As the planet’s hottest month on record comes to a close, 70 million people are under heat alerts in the US, where areas in the southern plains and Southeast could see record-setting highs of 115 degrees or more.
While the Northeast and mid-Atlantic will get some relief Sunday, heat advisories and excessive heat warnings are widespread across more than 10 states, from Texas to Florida, according to the National Weather Service. The weather service warned heat indexes, which factor in humidity, could soar above 105 to 115 degrees across the southern Plains to the lower Mississippi Valley and the Southeast.
“Record hot highs and warm minimum temperatures are widely possible in these regions next week,” the prediction center added.
The Southwest gets some reprieve from the record-setting heat as high temperatures, though still extremely hot, return to more normal values for this time of year.
Phoenix topped 110 degrees for the 30th day in a row on Saturday, hitting a high of 115 degrees. It is a record-setting 17 days of 115 degree-plus temperatures for Phoenix this year, surpassing the previous record of 14 days set in 2020, according to the weather service. The streak will likely end Monday, when temperatures are expected to fall below the 110-degree mark after rain showers move through the area.
Even some cactuses couldn’t take the heat in Phoenix, where the plants were seen collapsing and dehydrated animals were rushed to a rehabilitation center.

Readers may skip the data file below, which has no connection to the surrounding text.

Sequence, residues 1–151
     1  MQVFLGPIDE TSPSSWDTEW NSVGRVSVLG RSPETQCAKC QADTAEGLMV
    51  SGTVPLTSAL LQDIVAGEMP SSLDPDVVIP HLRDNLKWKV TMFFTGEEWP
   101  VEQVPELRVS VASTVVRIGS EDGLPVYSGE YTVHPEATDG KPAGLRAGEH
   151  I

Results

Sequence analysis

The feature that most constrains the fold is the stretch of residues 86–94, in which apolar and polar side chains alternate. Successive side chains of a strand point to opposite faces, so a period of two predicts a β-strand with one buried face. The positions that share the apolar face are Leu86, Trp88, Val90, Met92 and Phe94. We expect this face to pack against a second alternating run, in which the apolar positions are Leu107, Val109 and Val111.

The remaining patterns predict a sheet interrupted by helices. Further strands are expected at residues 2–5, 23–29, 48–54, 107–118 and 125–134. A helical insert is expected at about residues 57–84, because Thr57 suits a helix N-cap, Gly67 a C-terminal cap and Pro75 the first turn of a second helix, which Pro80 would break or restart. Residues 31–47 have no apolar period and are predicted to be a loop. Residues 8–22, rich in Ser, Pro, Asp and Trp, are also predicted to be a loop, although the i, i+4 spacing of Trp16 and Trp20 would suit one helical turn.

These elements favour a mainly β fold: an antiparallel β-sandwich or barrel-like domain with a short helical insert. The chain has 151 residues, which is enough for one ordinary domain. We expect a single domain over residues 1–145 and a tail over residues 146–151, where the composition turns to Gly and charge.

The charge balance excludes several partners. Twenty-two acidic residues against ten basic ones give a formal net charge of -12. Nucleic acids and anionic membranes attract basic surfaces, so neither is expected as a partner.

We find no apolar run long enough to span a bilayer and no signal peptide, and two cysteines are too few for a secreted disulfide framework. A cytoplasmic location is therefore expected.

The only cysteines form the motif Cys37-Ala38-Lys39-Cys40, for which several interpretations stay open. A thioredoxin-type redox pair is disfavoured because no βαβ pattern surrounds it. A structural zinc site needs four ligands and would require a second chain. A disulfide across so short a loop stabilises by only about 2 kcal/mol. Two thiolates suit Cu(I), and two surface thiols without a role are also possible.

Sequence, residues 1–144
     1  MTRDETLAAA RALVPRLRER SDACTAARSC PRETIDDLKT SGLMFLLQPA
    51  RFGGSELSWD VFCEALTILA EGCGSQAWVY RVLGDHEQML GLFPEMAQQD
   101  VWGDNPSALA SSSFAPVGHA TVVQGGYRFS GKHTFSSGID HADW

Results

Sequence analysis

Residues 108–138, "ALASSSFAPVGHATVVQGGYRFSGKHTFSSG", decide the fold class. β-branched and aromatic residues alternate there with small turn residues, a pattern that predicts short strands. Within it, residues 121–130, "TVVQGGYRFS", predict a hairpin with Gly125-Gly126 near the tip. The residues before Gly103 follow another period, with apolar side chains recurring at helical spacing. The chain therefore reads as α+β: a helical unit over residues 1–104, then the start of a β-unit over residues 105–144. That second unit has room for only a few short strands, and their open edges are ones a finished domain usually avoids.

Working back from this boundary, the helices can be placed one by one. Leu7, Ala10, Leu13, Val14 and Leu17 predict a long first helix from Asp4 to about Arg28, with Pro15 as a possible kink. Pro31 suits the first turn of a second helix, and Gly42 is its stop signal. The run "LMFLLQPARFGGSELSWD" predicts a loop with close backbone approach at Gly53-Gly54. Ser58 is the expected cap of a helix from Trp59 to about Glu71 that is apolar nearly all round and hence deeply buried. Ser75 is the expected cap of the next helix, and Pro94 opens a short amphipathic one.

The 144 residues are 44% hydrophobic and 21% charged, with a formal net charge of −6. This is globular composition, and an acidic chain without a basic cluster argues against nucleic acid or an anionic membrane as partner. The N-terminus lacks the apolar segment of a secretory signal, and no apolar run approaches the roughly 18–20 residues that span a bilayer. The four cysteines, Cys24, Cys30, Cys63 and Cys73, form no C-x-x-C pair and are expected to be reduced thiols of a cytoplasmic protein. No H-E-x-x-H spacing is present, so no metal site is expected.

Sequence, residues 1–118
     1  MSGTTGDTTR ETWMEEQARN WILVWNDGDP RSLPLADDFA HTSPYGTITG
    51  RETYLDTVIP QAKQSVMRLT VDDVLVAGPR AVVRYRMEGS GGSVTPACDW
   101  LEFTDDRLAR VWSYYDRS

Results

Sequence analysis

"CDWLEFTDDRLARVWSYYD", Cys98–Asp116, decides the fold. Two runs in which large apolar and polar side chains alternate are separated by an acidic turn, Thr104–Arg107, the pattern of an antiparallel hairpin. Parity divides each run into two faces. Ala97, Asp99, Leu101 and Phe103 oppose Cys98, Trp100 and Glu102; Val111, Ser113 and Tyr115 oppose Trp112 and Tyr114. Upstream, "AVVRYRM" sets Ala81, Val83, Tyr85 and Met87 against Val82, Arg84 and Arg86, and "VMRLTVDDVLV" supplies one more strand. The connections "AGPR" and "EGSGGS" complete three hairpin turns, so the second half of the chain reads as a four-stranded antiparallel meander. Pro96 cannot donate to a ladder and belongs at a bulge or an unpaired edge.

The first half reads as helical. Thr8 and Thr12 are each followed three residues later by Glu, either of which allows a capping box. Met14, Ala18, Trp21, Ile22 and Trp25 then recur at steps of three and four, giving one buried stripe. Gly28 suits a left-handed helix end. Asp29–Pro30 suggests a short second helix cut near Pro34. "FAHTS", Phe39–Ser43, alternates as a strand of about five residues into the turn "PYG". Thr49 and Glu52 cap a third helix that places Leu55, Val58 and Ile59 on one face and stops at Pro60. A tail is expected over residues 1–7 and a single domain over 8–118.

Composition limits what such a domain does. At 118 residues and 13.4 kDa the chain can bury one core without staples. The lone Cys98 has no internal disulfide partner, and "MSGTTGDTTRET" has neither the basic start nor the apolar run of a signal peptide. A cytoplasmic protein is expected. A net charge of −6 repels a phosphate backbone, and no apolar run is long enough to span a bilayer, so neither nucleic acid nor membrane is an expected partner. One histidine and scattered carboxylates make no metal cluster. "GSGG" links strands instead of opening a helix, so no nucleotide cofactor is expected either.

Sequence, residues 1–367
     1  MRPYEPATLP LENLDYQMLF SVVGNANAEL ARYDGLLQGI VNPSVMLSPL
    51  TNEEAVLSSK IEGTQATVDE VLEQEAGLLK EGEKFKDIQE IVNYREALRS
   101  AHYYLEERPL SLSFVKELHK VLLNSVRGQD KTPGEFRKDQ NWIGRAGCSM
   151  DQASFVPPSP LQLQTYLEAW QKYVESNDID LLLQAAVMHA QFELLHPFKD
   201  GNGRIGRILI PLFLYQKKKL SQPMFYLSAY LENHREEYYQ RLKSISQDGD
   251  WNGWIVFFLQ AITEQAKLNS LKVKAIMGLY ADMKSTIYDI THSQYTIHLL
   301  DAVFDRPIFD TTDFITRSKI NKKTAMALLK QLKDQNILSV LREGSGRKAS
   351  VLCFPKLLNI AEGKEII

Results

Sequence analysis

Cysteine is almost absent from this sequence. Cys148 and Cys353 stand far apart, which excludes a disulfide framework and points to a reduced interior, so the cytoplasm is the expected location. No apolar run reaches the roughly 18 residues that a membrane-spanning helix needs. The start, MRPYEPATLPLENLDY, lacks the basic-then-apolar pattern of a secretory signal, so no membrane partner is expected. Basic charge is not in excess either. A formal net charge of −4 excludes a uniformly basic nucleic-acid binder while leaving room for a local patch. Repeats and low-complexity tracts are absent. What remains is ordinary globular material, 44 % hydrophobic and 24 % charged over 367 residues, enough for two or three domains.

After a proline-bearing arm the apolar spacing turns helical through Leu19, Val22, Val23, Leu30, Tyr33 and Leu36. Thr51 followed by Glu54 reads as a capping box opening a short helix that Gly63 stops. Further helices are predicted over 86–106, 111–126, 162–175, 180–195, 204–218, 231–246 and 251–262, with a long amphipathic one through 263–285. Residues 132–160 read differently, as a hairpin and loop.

The recent heat wave proved deadly in some areas.
A 53-year-old woman in Illinois died Thursday in her apartment, where she didn’t have air conditioning because her power had been disconnected, according to the Peoria County coroner’s office. In Texas, a 66-year-old woman died early Tuesday from the extreme heat after being taken to a hospital from her apartment in North Richland Hills, police said.
Heat-related hospitalizations are also up. In Arizona, doctors are seeing an increase of patients with burns just from falling on the hot ground.
Scientists said July will be the planet’s hottest month on record and human-induced climate change is the main factor leading to the high temperatures.
To prevent heat-related illness, the US Centers for Disease Control and Prevention advises finding cool, indoor areas to stay, drinking plenty of fluids and regularly checking on vulnerable people, like young children and the elderly.
CNN’s Aya Elamroussi contributed to this report.